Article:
William Gilpin was one of the 18th century writers who promoted the oval as the most picturesque shape, being that it closely resembled the purview of the human eye. The plates in his numerous books were almost all oval and washed in a continuous tone. Gilpin and others advocated the use of the Claude Glass, a shaped and tinted convex mirror. (Not all Claude Glasses were oval, some were rectangle or circular, but I'd venture to say that the majority were.) The Claude Glass was named in honor of the French painter Claude Lorrain. Further popularized by the poet Thomas Gray with his set viewing "stations" in the English countryside (think Kodak Picture Spots, but with no camera), the Claude Glass was used by British and American tourists from the early 18th century to well into the late 19th century. Oddly, its even shows up in conjunction with tourist photography! I wrote a graduate seminar paper on this device in the late 1990s for Garden History and Picturesque Aesthetics and this MIT book came out in 2004, but there is much more to be done. They rarely pop up on ebay, but I hope to acquire one for myself someday and continue writing/thinking about this fascinating object.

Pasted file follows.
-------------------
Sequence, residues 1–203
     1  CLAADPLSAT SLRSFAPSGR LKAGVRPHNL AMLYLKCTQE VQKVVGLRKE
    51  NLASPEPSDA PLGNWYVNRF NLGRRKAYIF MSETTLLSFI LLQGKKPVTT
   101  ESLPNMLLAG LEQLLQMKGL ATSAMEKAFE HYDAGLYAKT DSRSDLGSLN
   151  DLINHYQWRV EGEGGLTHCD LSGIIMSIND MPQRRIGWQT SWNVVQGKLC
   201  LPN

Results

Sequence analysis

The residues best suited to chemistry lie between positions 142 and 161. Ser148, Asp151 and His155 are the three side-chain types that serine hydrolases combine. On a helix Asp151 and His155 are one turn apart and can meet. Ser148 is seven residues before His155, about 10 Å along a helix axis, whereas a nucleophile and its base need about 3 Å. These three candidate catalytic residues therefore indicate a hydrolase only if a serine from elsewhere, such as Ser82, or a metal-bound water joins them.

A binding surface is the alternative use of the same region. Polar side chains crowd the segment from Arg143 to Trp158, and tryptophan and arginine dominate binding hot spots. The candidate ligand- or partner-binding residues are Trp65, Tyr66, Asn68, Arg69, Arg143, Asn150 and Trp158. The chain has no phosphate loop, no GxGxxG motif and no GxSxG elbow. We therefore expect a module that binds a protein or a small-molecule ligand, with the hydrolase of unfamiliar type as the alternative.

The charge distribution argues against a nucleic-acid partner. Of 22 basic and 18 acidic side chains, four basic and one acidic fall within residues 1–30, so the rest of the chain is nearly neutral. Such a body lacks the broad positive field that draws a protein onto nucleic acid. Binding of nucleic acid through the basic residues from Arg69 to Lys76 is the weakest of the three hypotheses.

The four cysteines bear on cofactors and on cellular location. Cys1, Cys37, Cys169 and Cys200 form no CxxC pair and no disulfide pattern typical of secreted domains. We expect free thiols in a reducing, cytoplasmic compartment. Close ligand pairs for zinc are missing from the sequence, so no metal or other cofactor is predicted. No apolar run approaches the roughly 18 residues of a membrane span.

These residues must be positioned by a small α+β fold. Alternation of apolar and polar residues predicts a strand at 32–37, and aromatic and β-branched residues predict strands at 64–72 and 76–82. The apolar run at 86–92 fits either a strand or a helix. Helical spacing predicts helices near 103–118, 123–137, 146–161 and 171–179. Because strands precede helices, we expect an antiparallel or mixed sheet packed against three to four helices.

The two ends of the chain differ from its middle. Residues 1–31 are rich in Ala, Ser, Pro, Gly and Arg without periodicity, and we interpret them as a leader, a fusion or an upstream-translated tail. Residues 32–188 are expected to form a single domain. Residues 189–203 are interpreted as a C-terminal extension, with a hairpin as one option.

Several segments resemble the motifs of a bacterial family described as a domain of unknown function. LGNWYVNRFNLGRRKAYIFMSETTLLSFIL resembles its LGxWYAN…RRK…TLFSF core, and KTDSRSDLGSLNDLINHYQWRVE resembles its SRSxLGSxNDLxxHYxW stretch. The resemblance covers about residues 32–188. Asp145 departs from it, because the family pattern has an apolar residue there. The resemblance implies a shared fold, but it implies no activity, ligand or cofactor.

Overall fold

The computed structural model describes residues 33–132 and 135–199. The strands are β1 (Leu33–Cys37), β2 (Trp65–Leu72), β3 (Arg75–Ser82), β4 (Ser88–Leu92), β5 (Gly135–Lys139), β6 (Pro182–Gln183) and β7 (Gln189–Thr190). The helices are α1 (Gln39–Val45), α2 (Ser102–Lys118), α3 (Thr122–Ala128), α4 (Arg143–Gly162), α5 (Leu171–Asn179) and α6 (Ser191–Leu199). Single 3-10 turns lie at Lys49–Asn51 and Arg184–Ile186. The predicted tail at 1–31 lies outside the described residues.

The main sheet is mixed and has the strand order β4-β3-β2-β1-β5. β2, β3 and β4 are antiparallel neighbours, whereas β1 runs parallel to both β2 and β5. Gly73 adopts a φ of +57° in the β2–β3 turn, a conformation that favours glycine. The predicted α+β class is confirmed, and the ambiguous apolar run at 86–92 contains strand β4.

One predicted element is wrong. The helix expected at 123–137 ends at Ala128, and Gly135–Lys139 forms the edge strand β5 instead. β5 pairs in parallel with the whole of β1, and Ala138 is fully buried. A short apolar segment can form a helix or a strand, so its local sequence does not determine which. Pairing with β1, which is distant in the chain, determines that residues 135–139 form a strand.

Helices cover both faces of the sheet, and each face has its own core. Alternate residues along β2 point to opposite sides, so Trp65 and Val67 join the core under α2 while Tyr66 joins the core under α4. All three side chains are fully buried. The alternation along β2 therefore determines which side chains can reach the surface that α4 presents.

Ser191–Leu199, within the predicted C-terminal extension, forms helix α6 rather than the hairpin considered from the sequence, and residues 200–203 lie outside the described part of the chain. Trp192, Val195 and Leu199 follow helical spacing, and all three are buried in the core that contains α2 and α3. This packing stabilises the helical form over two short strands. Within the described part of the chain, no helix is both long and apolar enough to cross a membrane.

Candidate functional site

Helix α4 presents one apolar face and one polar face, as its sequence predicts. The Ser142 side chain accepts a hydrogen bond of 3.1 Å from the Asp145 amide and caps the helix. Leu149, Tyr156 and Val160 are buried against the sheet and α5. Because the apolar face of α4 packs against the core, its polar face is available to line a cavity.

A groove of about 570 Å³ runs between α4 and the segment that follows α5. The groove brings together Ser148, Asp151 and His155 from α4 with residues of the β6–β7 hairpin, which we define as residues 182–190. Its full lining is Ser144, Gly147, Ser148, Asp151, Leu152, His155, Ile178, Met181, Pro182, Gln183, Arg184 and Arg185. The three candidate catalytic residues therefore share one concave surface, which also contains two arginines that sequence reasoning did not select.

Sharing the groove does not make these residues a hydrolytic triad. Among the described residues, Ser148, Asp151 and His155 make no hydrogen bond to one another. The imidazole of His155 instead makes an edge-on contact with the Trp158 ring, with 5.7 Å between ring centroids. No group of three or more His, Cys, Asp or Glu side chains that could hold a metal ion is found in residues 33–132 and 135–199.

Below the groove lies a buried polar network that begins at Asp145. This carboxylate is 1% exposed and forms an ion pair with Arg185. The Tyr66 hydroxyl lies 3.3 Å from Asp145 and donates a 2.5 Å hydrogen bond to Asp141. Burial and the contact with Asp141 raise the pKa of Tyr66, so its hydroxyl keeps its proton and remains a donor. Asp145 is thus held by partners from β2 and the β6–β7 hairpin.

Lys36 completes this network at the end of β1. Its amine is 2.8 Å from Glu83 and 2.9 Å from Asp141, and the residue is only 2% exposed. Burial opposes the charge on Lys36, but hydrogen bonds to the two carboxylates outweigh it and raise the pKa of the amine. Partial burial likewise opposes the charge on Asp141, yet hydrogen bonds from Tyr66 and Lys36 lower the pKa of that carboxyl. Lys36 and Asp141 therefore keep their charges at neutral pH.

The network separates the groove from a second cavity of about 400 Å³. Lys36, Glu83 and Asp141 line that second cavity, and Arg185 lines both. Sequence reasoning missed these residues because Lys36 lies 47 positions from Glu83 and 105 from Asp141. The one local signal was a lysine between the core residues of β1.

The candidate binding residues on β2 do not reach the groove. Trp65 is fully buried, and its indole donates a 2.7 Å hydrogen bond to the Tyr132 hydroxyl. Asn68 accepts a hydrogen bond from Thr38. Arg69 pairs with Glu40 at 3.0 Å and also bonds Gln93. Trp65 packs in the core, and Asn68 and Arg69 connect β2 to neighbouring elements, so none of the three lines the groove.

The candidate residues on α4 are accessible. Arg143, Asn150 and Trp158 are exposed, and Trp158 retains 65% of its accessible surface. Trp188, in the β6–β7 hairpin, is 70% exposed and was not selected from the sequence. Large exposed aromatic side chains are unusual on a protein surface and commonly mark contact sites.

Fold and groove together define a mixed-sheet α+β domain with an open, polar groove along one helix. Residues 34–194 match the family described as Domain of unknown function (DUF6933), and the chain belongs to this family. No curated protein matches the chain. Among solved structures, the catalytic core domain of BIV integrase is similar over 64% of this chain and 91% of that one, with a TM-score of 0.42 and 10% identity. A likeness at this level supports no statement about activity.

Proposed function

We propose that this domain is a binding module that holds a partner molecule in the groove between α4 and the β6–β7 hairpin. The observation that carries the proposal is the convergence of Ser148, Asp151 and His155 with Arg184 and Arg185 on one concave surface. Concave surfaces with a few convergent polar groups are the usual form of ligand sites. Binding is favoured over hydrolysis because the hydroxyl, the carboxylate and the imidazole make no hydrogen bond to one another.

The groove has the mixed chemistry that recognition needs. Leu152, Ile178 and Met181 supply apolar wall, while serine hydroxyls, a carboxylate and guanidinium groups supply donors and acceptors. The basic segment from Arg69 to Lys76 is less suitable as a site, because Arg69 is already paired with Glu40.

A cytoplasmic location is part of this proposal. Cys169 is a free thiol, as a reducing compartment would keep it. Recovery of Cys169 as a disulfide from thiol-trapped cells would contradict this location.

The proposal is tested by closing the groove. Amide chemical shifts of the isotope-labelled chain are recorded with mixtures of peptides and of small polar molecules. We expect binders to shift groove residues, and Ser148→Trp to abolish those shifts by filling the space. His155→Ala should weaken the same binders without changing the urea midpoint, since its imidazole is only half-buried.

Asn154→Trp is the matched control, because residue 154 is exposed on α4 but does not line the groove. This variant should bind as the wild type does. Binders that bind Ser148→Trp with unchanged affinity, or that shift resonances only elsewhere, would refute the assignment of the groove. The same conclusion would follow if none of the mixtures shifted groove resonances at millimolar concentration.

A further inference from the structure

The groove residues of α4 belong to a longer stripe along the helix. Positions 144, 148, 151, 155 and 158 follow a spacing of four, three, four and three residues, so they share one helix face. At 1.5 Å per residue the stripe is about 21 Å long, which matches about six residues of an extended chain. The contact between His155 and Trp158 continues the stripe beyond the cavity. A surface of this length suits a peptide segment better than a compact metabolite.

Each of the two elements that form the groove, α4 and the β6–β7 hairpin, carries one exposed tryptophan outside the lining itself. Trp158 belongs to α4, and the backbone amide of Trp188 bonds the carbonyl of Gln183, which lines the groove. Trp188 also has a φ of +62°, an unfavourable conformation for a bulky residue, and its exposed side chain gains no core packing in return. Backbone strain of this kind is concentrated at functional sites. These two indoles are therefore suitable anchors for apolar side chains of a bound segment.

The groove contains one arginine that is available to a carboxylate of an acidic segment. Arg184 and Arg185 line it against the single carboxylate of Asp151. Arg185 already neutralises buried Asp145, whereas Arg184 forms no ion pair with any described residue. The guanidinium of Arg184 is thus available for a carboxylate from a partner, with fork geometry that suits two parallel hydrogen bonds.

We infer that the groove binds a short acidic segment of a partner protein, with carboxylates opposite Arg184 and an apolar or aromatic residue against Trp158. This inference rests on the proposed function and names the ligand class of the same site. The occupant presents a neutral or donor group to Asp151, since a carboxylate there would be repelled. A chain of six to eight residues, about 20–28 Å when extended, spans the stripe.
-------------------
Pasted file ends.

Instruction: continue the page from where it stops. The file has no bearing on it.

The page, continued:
1ST IMAGE (below): Although not an antique Claude Glass and not with black or tinted glass, this image shows how one would be used: a tourist would find a scene to "compose" or "take" and turn their back to admire it! From www.re-picture.info/inspiration/inspiration.html
2ND IMAGE (below): A Claude Glass, Manufactured in England, 18th century
3RD IMAGE (below): The Reverend William Gilpin (1724-1804), View from the bank of a river, watercolour.
4TH IMAGE (below): Julia Margaret Cameron, Mrs. Herbert Duckworth, 1867